Students returning for classes this fall will find that The University of New Mexico has updated and will begin to enforce its Tobacco-Free policy on its main and branch campuses.

New signage at the entrances to campus as well as notices affixed to nearly all doorways into buildings, plus banners and more will be obvious to all students, staff, faculty and visitors when the fall term begins.

The policy, which will officially take effect on Aug. 15, will include all forms of tobacco, including chewing tobacco (dip), e-cigarettes (vaping), pipes, cigars and any other form of tobacco use. UNM is also in the process of eliminating most of its “designated smoking areas”, although there will be areas available to full-time residence hall students for safety reasons.

The University began this initiative several years ago, but lacked the necessary marketing and enforcement resources to make it stick. This time, with assistance from a New Mexico Department of Health grant, an awareness campaign, signage and plans for enforcement are already in place.

“We wanted to be respectful to all of the members of our campus community,” said John Steiner, program manager for UNM’s Campus Office of Substance Abuse Prevention (COSAP), a part of the CASAA research center and holder of the grant. “’We will be using peer educators or “Student Ambassadors” to engage tobacco users and to explain to them why tobacco, and second-hand smoke are injurious to all members of our community. They’ll also supply them with information about programs for kicking the habit. We want to use a gentle approach, but if someone continues to ignore the policy, citations by UNM Police could be the result.”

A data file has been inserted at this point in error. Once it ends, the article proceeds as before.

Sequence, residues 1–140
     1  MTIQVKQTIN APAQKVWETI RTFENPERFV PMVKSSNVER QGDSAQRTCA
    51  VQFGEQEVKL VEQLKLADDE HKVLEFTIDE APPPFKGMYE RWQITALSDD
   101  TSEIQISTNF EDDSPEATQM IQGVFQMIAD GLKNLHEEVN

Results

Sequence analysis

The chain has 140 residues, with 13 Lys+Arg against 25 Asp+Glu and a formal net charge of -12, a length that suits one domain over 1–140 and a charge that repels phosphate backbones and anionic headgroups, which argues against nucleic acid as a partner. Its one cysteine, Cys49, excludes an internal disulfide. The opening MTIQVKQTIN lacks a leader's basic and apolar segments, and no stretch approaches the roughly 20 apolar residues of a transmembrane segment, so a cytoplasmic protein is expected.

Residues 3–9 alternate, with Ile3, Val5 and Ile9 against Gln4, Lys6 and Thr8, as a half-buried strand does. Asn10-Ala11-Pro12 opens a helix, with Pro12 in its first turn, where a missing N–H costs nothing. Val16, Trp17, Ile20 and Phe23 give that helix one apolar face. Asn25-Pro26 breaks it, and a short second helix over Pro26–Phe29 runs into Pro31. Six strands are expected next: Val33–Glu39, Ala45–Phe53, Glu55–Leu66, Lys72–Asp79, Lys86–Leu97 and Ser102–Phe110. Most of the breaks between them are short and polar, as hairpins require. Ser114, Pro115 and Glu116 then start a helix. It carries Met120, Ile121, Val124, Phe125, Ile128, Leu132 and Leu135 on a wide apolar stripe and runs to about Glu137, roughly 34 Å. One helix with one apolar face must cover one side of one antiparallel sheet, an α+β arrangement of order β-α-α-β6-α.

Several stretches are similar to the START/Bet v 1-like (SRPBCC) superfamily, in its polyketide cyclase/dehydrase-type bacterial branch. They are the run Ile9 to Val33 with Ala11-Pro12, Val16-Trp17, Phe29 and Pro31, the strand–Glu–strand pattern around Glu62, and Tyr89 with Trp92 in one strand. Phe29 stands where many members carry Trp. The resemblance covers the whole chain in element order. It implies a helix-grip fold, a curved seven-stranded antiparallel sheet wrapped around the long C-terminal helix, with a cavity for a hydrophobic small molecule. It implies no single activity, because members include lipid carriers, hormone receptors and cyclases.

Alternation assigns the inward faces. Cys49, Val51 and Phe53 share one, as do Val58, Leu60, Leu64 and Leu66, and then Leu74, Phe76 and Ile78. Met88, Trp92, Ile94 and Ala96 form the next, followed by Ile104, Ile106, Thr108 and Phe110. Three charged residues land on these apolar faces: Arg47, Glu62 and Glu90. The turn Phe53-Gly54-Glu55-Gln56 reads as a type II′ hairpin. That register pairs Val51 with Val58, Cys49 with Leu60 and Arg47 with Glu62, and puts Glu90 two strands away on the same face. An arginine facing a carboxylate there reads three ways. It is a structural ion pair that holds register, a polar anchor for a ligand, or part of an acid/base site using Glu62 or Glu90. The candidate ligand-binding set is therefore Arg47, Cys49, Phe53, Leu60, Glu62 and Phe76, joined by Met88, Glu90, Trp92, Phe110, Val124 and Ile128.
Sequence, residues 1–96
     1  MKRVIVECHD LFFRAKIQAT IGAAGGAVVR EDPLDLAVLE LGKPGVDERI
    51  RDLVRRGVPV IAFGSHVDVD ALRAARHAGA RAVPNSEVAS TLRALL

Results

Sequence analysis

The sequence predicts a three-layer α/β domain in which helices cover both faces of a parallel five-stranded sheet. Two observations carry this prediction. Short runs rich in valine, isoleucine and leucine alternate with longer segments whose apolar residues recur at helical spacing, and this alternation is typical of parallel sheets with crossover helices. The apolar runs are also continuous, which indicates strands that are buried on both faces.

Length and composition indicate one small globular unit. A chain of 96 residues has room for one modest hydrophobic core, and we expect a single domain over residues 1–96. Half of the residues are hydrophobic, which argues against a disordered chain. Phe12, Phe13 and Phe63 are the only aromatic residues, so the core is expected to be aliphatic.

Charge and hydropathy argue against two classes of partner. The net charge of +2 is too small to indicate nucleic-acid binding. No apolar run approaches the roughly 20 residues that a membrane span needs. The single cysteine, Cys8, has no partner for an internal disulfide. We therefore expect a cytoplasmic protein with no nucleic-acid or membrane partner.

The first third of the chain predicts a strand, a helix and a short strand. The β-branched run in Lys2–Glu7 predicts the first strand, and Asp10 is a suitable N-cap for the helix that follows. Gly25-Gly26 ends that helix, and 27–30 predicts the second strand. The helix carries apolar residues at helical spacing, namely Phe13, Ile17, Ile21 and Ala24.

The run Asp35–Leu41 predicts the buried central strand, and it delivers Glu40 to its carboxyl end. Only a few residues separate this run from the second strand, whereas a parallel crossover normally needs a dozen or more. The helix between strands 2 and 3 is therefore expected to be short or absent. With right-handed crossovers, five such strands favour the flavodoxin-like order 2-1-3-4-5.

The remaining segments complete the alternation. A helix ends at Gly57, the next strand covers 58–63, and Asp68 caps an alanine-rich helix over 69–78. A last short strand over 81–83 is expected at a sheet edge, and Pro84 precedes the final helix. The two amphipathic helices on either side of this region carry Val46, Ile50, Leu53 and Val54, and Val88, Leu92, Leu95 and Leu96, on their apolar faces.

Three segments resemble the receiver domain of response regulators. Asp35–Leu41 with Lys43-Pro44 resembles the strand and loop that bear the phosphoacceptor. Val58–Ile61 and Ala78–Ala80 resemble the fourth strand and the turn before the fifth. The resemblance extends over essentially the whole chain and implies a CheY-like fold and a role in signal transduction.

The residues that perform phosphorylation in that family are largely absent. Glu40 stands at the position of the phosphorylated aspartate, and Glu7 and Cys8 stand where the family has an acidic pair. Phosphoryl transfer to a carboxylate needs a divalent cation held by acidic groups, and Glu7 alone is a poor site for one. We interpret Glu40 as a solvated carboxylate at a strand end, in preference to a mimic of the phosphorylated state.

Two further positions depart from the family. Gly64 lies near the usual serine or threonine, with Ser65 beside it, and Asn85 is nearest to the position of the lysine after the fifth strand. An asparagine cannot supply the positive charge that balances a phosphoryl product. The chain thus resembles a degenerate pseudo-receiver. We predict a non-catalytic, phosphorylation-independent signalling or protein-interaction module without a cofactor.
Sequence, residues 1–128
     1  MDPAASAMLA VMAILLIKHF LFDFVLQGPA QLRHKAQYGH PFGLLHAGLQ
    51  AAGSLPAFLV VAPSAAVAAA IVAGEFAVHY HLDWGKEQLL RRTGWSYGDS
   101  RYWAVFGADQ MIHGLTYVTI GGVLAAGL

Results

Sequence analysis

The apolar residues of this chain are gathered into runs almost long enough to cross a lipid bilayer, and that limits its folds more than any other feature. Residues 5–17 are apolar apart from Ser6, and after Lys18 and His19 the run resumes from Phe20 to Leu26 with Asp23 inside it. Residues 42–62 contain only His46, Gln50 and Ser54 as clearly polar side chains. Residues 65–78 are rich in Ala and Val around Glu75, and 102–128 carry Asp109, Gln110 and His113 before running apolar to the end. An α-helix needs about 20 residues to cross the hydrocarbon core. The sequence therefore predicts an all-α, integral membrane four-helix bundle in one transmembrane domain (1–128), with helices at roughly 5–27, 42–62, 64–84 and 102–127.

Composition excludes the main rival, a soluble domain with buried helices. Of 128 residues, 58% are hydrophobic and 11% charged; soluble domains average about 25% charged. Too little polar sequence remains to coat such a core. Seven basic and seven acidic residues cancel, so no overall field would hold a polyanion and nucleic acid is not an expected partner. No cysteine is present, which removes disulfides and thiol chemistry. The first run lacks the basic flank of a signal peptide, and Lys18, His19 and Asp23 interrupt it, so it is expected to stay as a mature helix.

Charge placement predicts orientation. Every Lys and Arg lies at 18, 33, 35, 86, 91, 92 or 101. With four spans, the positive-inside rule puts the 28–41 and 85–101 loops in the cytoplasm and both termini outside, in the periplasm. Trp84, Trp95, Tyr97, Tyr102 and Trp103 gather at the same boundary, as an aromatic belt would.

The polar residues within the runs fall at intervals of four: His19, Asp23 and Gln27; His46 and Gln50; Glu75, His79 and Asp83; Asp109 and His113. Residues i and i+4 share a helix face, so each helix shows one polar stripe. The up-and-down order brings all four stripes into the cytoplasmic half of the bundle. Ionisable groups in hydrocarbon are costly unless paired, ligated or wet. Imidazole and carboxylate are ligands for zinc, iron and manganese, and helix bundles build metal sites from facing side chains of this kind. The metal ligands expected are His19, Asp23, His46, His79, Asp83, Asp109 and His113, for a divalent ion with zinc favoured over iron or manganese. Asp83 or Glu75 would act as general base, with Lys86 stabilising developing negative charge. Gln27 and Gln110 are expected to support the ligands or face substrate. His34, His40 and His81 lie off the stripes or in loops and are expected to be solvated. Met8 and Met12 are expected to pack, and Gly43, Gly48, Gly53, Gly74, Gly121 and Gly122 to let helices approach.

For UNM students, staff, faculty and visitors who may be trying to quit smoking, the State of New Mexico offers free cessation support services that can include three months of nicotine replacement therapy; one-on-one phone coaching sessions with trained tobacco counselors; a “Web Coach”; text messaging; and other assistance. Faculty and staff may contact their health care provider for benefits covered by their health insurance plan.

Additionally, UNM offers its own cessation resources. Faculty and staff are encouraged to visit Counseling Assistance and Referral Services (CARS), and students can visit Student Health and Counseling (SHAC).

New Mexico DOH has also provided resources for COSAP to form a network of post-secondary institutions throughout the state. This network is intended to help disseminate the results of the policy experiences learned at UNM to help other institutions implement such policies.

The full UNM tobacco use policy can be found here.

Further inquiries about the policy or options for quitting can be directed to John Steiner at 505.277.0360 or Kyle Smith at 505.277.0531.